Crack-Prone Scissors May Burn Patients, Da Vinci Maker Says

Disclosures

May 13, 2013

Intuitive Surgical, the embattled manufacturer of the da Vinci robotic surgical system, warned customers last week that certain versions of its cautery scissors may develop microcracks that could leak electrical energy and inadvertently burn tissue.

The instrument in question, EndoWrist Hot Shears Monopolar Curved Scissors, is used to cut and coagulate tissue in a wide variety of procedures, including hysterectomy, prostatectomy, and gastric bypass. The scissors and other EndoWrist instruments are made exclusively for use with the da Vinci Surgical System, consisting of a console from which a surgeon manipulates instruments attached to robotic arms while viewing the procedure in 3 dimensions. Some 2000 systems are installed at US hospitals.

In an "urgent medical device notification" dated May 8, Intuitive Surgical stated that "certain -09 and -10 versions" of the scissors may develop energy-leaking microcracks near the distal end of the shaft after the instruments are cleaned and sterilized. "These microcracks may not be visible to the user," the company emphasized. It advised customers to take precautions to minimize the risk for inadvertent burns, such as not applying electrical energy when the instrument tip is not in direct contact with tissue and taking note of any anatomy touching the instrument shaft or wrist.

The company told customers that they will be notified when they can obtain replacement scissors "without the potential for microcracks."

In an email to Medscape Medical News, Intuitive Surgical stated that replacement scissors should be available in 2 to 4 weeks, adding that the company has reported the problem with the cautery scissors to the US Food and Drug Administration (FDA).

FDA spokesperson Synim Rivers said the issue is "under review."

When asked why it is not recalling the crack-prone cautery scissors, Intuitive Surgical said "the company considered the risk to patients of removing the product from the field, which included cancelled or postponed surgeries in cancer patients as well as conversion to more invasive open surgical procedures. The company determined that the risks of device removal before a replacement could be offered outweighed the risks of leaving the existing product in the field."

Intuitive Surgical noted that "in over a million surgeries with these instruments, the company has no confirmed evidence of patient injury attributable to this issue." In its medical device notification, the company said that according to its analysis, there has been only a single complaint of an injury linked to an instrument later found to have microcracks. "However, laboratory testing did not detect any energy leakage."

The descriptors "-09" and "-10" for the cautery scissors refer to product versions, not the year in which the instrument was manufactured.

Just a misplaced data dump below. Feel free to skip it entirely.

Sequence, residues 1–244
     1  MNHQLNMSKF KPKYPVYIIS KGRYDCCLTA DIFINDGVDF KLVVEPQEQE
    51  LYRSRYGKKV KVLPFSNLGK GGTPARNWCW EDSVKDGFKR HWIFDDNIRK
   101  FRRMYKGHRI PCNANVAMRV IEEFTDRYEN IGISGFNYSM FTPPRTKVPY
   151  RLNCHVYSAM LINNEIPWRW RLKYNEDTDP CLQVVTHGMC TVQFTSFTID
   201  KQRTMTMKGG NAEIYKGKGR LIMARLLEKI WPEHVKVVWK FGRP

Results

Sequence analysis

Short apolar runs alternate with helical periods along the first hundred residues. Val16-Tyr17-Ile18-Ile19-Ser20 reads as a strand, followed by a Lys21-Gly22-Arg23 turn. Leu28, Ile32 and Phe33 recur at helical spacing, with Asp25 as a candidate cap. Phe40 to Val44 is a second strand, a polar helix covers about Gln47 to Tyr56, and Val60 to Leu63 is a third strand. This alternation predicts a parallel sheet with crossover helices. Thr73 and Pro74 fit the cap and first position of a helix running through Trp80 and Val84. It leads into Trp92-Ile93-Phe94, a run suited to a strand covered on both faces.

FDA Surveying Surgeons About da Vinci System After Spike in Reports

The FDA has received reports of patients sustaining accidental burns when a physician performing surgery with the da Vinci system used the monopolar curved scissors. Such adverse event reports (AERs) are filed with the agency's Manufacturer and User Facility Experience (MAUDE) database.

"The surgeon noted the instrument was arcing unintentionally, and burned the uterus," stated a report about the scissors, filed in September 2012. "The tip was changed out and it continued to arc. A new instrument was opened and functioned without problems."

The MAUDE database shows that the number of AERs for accidental burns, punctures, and other mishaps — some followed by a patient's death — that were associated with the da Vinci Surgical System and its various instruments increased 34% from 2011 to 2012. During that period, the number of da Vinci procedures in the United States increased 26%, going from 292,000 to 367,000, according to a financial report for the first quarter of 2013 that Intuitive Surgical filed last month with the US Securities and Exchange Commission.

In response to the spike in AERs, the FDA began surveying da Vinci surgeons earlier this year about their experience with the technology. They were asked about user training, common equipment repairs, patient selection, the complications they saw and how they compared with those seen in conventional surgeries, and what procedures are the best and least suited for this form of robot-assisted surgery.

Intuitive Surgical is a defendant in roughly 26 individual product liability lawsuits filed by plaintiffs who claim that an equipment defect or inadequate training for a da Vinci surgeon led to injury or death, according to the company's latest quarterly report. The company also notes that plaintiffs' attorneys "are engaged in growing and well-funded national advertising campaigns soliciting clients who have undergone da Vinci surgery and claim to have suffered an injury."

The volume of this litigation has substantially increased, but the company believes it has "meritorious defenses" in the lawsuits, said Intuitive Surgical.

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